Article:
:09:23.:09:26.

who doesn't. Or capacity atation, I think there is an element of dogma

:09:27.:09:29.

to the Government as approach. I think the debate should still be

:09:30.:09:34.

had. This is what the future of transport looked like 80 years ago

:09:35.:09:40.

in 1933. The Airport would be elevated 120 feet above the ground,

:09:41.:09:45.

clear of all obstructions. Perhaps the biggest problem with the

:09:46.:09:48.

Government's business model for HS2 is it is trying to make redictions

:09:49.:09:53.

at how we will be travelling up to 80 years in the future.

:09:54.:10:01.

In 2093 will HS2 look like a good investment or as crazy as this 1933

:10:02.:10:06.

motorbike wheel contraption looks to us today. Just before we came on air

:10:07.:10:15.

a little earlier I put those points to the Transport Secretary and ask

:10:16.:10:20.

if he was confident the cost of HS2 wouldn't rise again? We deliberately

:10:21.:10:24.

built in large contingecy. We have set a target for phase I, at ?21

:10:25.:10:31.

billion, but actually I have told HS2 I want phase I to be built for

:10:32.:10:37.

?17 billion. It is right on big projects like this to have a

:10:38.:10:40.

contingency that is part of the budget. I very much hope it will be

:10:41.:10:43.

delivered for less than the budget we have set. And yet even with this

:10:44.:10:48.

jump, another ?10 billion, the reduction in economic returns is

:10:49.:10:52.

only slight. The figure out today goes from ?2. 50 to ?2.30, how can

:10:53.:10:58.

that be credible? It is credible, there is other things that come into

:10:59.:11:02.

the account, and come into the system. But I'm not so... Like what?

:11:03.:11:08.

The use of the capacity argument, the amount of trains that are run,

:11:09.:11:16.

and arguments like that. You say "like that", like what? When you

:11:17.:11:19.

give people these figures and they know it is costing ?10 billion more,

:11:20.:11:25.

they don't look believable? They are believable, everything we publish is

:11:26.:11:29.

crawled over by various people, if we get it wrong we will be told. The

:11:30.:11:33.

simple fact is, let me deal with VCR, it is an important people. If

:11:34.:11:38.

you looked at the VCR for the Jubilee Line it was less than one.

:11:39.:11:41.

Actually it would not have stood up to economic value. But it is in

:11:42.:11:45.

London, it has led to the development of Canary Wharf. Over

:11:46.:11:51.

00,000 jobs. At the moment in London we are building CrossRail, a ?15

:11:52.:11:56.

billion project. Nobody complains about this with a similar VCR. This

:11:57.:12:00.

is a chance for northern cities to get their part of transport

:12:01.:12:03.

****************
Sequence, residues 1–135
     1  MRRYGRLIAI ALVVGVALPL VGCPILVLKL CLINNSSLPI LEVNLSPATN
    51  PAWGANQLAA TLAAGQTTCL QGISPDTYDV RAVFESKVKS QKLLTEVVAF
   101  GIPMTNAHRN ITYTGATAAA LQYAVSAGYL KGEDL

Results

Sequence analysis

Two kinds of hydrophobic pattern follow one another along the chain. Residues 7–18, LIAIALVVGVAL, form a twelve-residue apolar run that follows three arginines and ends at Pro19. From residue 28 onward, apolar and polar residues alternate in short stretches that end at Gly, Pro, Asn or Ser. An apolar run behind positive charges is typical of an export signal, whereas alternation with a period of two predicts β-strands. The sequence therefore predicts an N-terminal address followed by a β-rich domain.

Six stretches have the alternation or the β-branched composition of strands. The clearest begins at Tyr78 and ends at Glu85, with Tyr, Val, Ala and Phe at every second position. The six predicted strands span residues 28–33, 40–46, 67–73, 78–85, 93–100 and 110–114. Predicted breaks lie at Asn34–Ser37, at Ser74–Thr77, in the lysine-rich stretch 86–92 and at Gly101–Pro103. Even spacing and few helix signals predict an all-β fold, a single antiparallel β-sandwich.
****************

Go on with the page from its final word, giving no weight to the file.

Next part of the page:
infrastructure spending. Just questioning how you arrived at the

:12:04.:12:07.

figures you arrived at today. For example we are now looking at begin

:12:08.:12:12.

to business leaping from ?25. 2 to ?40. 5. How did that work out? It

:12:13.:12:19.

works out because what we're told and how the economic case is worked

:12:20.:12:23.

out. That is a point. What do you mean the way we have been told and

:12:24.:12:27.

the way the case is worked out. How does it leap from ?25. 2 to ?40. 5?

:12:28.:12:34.

Because there is new information coming into being and that is

:12:35.:12:36.

classed into the overall figures and case. What sort of new information,

:12:37.:12:40.

they were wrong last time. You published figures today saying they

:12:41.:12:44.

go from 25-40? They weren't wrong last time. They were figures that

:12:45.:12:47.

were published. We have done more work on it, which is what we were

:12:48.:12:51.

asked to do by the Public Accounts Committee. These are important

:12:52.:12:54.

matters. What I have also got to do, as far as the Transport Secretary is

:12:55.:12:57.

concerned, is actually look at what is the benefit for the north. So I

:12:58.:13:01.

have just come from a meeting of the Chamber of Commerce in Manchester,

:13:02.:13:05.

they tell me how important the high-speed line is for them. This is

:13:06.:13:11.

predicated on an incredibly optimistic forecast in growth on

:13:12.:13:15.

this route. If we look back to what happened on HS1, the forecasts were

:13:16.:13:21.

far too high, there was a 30% overestimation. Why don't you say

:13:22.:13:24.

you don't know what will happen in terms of the route and numbers of

:13:25.:13:27.

people travelling. Why would you make a forecast that ties you into

:13:28.:13:31.

these kinds of numbers that people are not believing any more? You say

:13:32.:13:36.

they are not believing, the CBI have welcomed the case we are publishing.

:13:37.:13:41.

The Chamber of Commerce has too. The FTSE 100 business leaders poll says

:13:42.:13:44.

49% of those who responded are against HS2. They don't see a

:13:45.:13:48.

credible need for it any more? If you are saying 49% are against. 33

:13:49.:13:55.

are in favour? Well. That has fallen, that is the point, that has

:13:56.:13:58.